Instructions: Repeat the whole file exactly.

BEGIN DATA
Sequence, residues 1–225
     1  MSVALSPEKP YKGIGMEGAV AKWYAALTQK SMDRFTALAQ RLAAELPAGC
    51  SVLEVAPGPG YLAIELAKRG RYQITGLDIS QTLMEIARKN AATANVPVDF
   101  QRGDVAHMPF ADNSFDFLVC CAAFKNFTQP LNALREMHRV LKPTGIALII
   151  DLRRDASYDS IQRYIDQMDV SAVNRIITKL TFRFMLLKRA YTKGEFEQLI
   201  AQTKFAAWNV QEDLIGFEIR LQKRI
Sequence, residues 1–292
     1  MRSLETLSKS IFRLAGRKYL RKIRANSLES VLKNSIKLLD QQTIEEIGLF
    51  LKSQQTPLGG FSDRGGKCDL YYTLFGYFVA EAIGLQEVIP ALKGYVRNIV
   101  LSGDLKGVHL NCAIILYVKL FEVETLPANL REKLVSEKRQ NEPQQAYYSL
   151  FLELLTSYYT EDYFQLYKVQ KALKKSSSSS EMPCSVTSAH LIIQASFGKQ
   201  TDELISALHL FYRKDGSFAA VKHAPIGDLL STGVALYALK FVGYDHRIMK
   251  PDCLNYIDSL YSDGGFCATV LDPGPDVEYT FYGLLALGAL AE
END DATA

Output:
Sequence, residues 1–225
     1  MSVALSPEKP YKGIGMEGAV AKWYAALTQK SMDRFTALAQ RLAAELPAGC
    51  SVLEVAPGPG YLAIELAKRG RYQITGLDIS QTLMEIARKN AATANVPVDF
   101  QRGDVAHMPF ADNSFDFLVC CAAFKNFTQP LNALREMHRV LKPTGIALII
   151  DLRRDASYDS IQRYIDQMDV SAVNRIITKL TFRFMLLKRA YTKGEFEQLI
   201  AQTKFAAWNV QEDLIGFEIR LQKRI
Sequence, residues 1–292
     1  MRSLETLSKS IFRLAGRKYL RKIRANSLES VLKNSIKLLD QQTIEEIGLF
    51  LKSQQTPLGG FSDRGGKCDL YYTLFGYFVA EAIGLQEVIP ALKGYVRNIV
   101  LSGDLKGVHL NCAIILYVKL FEVETLPANL REKLVSEKRQ NEPQQAYYSL
   151  FLELLTSYYT EDYFQLYKVQ KALKKSSSSS EMPCSVTSAH LIIQASFGKQ
   201  TDELISALHL FYRKDGSFAA VKHAPIGDLL STGVALYALK FVGYDHRIMK
   251  PDCLNYIDSL YSDGGFCATV LDPGPDVEYT FYGLLALGAL AE